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JMS newbie - security question

 
John Eric Hamacher
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Hello:

I am thinking about implementing a JMS system whereby database connection information would be transported within messages. Is there something
inherently unsafe about this? If so, what is the best method to secure these messages?

Thanks
Eric
 
Scott Selikoff
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Yes? Well my question is why are you transmitting database information in a message? The J2EE should have its connections managed via connection pools, ergo, all database connections should be setup ahead of time. The only thing that the message might be 'which' database to use, not the full connection string.
 
John Eric Hamacher
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Well, here's the situation. We have a bunch of small web apps that don't use pooling, they just directly connect to databases. Users can choose whether to run against production or staging. So there will be two sets of connection parameters needed by these applications. We would rather not keep this information within the individual apps for maintenance purposes. And we don't want these apps to all ask a database for the connection parameters (duplication of code).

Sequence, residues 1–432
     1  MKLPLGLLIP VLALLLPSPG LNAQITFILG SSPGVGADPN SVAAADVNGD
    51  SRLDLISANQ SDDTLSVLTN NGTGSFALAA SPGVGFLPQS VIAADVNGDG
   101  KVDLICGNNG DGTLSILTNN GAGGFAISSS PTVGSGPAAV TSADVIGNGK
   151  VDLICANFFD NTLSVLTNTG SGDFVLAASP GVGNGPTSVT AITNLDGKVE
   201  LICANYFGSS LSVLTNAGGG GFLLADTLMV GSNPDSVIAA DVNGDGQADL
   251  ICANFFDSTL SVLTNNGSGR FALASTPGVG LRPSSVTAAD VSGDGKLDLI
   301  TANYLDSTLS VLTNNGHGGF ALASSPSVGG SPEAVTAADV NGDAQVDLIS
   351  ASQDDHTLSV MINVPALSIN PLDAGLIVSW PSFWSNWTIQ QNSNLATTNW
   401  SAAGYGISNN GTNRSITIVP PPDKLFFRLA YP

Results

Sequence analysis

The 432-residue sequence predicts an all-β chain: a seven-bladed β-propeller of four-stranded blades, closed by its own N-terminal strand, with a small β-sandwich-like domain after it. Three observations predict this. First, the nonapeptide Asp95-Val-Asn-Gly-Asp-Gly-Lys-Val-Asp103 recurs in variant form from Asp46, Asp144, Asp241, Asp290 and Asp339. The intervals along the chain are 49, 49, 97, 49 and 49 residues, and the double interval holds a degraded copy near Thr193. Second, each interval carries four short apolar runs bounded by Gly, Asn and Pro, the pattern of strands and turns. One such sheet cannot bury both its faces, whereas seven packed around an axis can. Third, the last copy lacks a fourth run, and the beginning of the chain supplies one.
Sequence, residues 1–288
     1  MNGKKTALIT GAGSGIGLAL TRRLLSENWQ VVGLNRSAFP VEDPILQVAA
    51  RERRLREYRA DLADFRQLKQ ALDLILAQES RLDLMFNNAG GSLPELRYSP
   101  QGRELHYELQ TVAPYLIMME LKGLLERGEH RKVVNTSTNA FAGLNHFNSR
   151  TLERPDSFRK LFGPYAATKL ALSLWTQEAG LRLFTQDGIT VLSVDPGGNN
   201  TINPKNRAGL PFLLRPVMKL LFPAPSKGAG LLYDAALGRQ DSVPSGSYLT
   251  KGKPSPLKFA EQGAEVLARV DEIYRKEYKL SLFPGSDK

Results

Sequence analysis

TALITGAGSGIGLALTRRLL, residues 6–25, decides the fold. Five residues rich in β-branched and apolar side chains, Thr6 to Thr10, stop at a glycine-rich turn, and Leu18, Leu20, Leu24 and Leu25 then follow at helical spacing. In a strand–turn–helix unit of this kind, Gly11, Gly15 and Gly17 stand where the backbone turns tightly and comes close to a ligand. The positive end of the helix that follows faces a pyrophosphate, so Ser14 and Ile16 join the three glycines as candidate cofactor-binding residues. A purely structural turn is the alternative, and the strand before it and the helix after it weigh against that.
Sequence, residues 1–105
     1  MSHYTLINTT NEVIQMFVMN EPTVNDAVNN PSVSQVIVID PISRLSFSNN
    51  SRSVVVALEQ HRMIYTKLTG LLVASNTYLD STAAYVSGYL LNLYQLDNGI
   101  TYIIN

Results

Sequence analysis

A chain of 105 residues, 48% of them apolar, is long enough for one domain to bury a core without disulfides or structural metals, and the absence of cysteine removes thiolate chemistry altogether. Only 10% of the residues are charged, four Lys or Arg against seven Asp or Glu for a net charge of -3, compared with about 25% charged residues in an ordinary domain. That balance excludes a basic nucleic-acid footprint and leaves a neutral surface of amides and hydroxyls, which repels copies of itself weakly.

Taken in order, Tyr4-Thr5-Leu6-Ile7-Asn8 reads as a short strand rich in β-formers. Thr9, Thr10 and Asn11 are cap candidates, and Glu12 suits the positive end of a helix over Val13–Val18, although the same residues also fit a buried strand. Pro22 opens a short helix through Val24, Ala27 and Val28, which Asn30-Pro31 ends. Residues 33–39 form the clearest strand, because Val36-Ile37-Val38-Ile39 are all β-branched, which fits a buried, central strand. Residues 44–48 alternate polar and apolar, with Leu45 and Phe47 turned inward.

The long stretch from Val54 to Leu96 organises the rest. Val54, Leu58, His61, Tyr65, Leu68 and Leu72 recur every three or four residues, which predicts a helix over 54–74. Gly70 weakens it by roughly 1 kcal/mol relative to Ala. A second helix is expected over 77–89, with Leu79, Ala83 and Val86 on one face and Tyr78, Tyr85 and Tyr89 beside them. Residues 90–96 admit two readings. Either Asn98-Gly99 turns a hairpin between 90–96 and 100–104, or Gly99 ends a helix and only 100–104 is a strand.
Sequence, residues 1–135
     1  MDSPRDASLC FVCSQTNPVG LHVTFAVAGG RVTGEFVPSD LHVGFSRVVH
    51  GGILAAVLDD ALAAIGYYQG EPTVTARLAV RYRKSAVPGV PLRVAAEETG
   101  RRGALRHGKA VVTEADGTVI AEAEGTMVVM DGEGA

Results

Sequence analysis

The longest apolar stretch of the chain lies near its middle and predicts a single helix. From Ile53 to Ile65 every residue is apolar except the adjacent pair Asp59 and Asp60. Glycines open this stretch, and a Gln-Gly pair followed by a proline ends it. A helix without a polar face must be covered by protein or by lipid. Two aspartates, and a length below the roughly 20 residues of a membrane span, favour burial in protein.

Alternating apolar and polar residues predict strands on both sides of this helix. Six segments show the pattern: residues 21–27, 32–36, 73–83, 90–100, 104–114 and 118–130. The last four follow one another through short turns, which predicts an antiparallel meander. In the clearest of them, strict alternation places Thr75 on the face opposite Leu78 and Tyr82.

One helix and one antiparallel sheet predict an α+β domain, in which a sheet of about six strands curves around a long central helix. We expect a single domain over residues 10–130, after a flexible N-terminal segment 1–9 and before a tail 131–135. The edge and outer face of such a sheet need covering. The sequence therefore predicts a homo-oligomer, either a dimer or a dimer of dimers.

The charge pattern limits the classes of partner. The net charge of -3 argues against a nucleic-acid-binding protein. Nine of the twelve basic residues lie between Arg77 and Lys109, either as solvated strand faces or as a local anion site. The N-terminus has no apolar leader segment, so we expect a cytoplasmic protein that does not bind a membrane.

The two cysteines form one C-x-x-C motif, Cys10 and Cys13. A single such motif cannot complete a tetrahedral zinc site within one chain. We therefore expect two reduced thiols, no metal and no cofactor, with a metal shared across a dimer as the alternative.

So we want our logic in one place and give it the ability to communicate to all these small apps the database information needed.


Eric
 
Scott Selikoff
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How often are you changing databases and how many databases are there? Keep in mind this forum is about EJBs, where direct access to the database is not common (other than in BMPs). If it were me, I'd either set up all databases in a connection pool on each local server, or write a good deployment script that fixes the database when the EAR is launched.

It sounds like you might need help in the JDBC forum, as what your describing isn't really a J2EE pattern.
 
John Eric Hamacher
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There many, many schemas, one for each customer. The choice between production or staging takes place at runtime so it may switch back and forth over a period of seconds, in theory.

It's a pain in the butt. I guess I could start pooling on every single app, setting up a pool for each database. It's a mess any way you look at it.

Eric
 
Scott Selikoff
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It's not so bad if you write good build/deployment scripts. It can automate the process a lot.
 
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